In many cases performance is driven by softer factors, and recognition is certainly right up there.
In a lot of situations it is perfectly normal to reward someone with a tip for that wonderful service they just provided you with. You can tip waiters, the person that carries your luggage at the hotel or the customer service agent you just talked to on the phone....wait, you can't tip a customer service agent…
But what if this agent just gave you great service? Informed you about something you did not know and did not ask for, but was very useful to you?
Wouldn’t it be great if you could give this person a tip? Or if you could have the choice to ‘award’ a free meal or a premium parking spot at the companies’ facilities? Or by entering a number ... read more >
Stefan Captijn | March 22, 2013
In this series of four blog posts about Virtual Customer Service, each time I will reveal a use cases for considering Virtual Customer Service. In the introduction you can read about the rationale behind Virtual Customer Service.
Today’s use case concerns virtualizing your Outsource Business Partner(s)
Another scenario for virtualization of resources is to include your outsourced operation into the common platform approach. Typically, outsource partner utilization is determined by a number of performance metrics (typically service level and handle time) for the outsourcer and a static mechanism to deliver work at the outsourcer’s doorstep.
The risk with such a scenario is a potential to introduce an operational disconnect between the customer experience, efficiency, and quality of the customer service operation. Especially when working with a multi-vendor strategy for outsourcing work, virtualization brings a number of exciting opportunities that... read more >
Stefan Captijn | March 18, 2013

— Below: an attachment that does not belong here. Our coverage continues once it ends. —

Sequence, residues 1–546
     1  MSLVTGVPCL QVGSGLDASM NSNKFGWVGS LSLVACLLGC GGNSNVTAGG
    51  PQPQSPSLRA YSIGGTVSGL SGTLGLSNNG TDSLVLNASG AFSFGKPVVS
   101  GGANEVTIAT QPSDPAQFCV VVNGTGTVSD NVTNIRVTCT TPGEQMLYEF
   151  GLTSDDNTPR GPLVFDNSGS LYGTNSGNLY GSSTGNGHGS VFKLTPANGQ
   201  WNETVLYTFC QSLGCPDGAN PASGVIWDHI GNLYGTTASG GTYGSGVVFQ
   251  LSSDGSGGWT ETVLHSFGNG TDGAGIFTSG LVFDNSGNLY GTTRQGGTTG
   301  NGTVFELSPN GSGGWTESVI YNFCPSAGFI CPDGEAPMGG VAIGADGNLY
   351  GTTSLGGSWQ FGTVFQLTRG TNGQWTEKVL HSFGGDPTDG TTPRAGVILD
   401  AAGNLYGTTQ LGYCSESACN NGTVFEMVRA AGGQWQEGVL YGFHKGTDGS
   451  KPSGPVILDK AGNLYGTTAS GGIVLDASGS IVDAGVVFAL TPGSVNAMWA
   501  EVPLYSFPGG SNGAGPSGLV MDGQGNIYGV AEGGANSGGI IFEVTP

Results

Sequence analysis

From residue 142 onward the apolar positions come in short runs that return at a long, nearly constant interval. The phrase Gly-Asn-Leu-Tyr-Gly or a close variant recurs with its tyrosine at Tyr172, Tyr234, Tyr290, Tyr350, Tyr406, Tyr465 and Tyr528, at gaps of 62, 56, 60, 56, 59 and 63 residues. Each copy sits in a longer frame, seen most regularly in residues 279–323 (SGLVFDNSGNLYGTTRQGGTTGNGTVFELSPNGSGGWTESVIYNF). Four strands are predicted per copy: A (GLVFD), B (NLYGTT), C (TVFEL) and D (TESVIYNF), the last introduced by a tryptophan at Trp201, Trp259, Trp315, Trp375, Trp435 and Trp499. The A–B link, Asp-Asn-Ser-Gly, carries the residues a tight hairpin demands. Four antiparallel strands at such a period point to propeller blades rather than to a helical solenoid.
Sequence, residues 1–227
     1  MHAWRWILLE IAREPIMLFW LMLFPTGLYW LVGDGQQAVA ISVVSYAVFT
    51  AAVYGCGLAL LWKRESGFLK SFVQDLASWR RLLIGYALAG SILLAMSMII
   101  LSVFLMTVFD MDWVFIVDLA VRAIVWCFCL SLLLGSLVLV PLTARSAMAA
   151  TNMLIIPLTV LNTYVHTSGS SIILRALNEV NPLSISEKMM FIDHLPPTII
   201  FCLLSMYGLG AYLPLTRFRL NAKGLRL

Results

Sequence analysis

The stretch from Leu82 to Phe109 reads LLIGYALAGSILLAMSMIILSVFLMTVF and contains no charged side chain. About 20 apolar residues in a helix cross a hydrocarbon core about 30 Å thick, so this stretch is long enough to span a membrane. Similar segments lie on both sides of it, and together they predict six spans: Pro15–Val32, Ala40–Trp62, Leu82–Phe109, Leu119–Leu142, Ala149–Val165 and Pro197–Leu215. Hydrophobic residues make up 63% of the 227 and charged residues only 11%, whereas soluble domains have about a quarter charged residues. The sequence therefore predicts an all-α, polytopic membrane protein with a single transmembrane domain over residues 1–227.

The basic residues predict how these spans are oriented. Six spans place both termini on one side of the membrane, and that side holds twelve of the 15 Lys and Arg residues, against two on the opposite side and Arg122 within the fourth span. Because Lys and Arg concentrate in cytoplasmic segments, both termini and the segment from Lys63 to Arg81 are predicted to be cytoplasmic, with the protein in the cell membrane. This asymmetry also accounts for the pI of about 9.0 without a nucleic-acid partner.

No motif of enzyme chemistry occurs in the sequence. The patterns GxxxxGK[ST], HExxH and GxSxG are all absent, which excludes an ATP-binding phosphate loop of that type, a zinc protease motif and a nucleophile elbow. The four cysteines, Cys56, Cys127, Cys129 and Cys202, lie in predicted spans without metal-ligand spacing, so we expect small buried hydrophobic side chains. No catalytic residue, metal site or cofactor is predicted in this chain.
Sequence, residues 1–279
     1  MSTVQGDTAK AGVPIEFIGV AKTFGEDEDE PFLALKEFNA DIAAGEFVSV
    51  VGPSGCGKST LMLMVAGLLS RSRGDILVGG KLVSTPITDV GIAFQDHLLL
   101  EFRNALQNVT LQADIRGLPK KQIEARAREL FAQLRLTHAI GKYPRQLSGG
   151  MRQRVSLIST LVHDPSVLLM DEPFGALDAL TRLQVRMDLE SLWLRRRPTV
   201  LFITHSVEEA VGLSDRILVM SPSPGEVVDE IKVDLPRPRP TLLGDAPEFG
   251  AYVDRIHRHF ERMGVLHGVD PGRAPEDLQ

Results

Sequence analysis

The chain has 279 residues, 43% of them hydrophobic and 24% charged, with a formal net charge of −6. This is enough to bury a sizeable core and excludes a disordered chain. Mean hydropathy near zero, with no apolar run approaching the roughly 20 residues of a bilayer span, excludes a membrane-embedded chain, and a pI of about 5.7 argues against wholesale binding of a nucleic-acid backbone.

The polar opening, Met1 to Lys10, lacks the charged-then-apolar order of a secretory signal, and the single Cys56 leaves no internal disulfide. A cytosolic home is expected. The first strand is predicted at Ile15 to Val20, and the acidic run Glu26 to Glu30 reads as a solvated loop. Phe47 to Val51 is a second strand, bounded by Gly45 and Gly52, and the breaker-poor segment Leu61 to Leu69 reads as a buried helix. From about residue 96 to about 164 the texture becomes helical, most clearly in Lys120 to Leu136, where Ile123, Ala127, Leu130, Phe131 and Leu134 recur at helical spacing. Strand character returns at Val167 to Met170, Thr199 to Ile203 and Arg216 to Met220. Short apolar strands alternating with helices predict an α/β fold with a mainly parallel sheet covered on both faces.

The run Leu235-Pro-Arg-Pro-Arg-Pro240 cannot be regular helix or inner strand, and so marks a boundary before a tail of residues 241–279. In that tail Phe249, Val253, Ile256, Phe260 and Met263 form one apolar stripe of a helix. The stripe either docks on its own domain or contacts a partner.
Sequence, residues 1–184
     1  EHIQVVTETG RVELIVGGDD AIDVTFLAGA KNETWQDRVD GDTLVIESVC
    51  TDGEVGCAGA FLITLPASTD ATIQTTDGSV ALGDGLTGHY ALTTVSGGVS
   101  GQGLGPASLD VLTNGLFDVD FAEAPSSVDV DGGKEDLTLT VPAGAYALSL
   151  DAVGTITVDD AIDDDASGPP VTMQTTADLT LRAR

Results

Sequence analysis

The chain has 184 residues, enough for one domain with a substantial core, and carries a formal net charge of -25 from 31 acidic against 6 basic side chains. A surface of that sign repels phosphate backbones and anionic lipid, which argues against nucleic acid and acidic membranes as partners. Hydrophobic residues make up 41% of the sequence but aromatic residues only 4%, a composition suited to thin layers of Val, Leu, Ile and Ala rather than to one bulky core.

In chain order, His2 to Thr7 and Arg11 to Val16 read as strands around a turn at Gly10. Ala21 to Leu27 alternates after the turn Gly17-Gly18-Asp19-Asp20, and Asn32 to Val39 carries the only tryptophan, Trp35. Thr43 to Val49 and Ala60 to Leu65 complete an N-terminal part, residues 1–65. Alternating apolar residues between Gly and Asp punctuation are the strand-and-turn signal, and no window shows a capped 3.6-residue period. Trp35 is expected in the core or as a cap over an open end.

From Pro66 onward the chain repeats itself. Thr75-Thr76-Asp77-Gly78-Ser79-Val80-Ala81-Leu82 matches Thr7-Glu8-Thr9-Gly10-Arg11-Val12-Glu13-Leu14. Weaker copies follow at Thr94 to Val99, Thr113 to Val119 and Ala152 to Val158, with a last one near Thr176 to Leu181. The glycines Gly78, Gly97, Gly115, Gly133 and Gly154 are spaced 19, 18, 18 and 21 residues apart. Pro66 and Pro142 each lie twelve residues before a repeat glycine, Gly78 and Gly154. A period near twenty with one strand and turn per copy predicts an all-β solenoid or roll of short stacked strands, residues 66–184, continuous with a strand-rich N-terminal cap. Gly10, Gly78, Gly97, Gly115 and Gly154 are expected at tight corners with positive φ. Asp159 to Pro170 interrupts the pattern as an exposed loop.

In this series of four blog posts about Virtual Customer Service I will reveal a new use case for considering Virtual Customer Service. In the introduction you can read about the rationale behind Virtual Customer Service.
Use case one: Virtualize multi-site operations
The most obvious use case for virtualizing your customer service operation is to make use of economies of scale. Due to multiple requirements, contact centers have often been decentralized. Generally it’s cheaper to find resources in remote areas but there is usually a limit to the number of qualified people you can find. Having multiple locations is a good way to protect yourself from local power outages or other hazards such as floods, storms, or worse. As a result, many companies have deployed numerous locations both within and outside their country.
Typically these operations work independently of each other, somewhere at the network level a percentage of the work is allocat... read more >
Stefan Captijn | March 14, 2013
For many years customer service professionals have implemented the concept of “virtual call centers’’ to optimize efficiencies across their operations, but today companies can benefit from a new vision we call ‘virtual customer service’. This series of blogs will introduce Virtual Customer Service and its benefits to you, presenting four use cases that are making a difference for companies worldwide.
What is Virtual Customer Service?
At the heart of the concept is the idea that work needs to be done by people who have the right skills and availability, wherever they are in the organization. This not only delivers an improved customer experience by connecting your customer to the best possible resource across your company, but it also uses your resources in the most efficient way.
However, in most organizations the need to manage and monitor resources forces us to “corral” them into teams ... read more >
Stefan Captijn | March 04, 2013
If you are a contact center manager, you are a busy person and always have something going on. You probably spend time thinking:
How will I make my service levels again today?
Should I make strategic decisions about outsourcing staff or not?
How do I drive consistency and efficiency across channels?
In my previous blog called ‘ Seven Habits of Highly Effective Contact Center Managers ,’ I discussed the many talents each contact center manager should possess. Today, let’s take a look at how these talents can be turned into actions, and what the 5 key items should be on every contact center manager's to-do list.
Monday: Meet with at least one of these ‘types of persons’ in your organization: forecasters and planners, team managers, supervisors and agents. These meetings should enable you to understand what challenges they face and discuss how you can help them. Figure out any key issues and make a pla... read more >
Stefan Captijn | February 26, 2013
Most customer service and contact center software professionals are very familiar with the concept of First Contact Resolution (otherwise known as FCR) and how this process improves efficiency and creates a better customer experience. Some argue it's the 'holy grail' of customer service.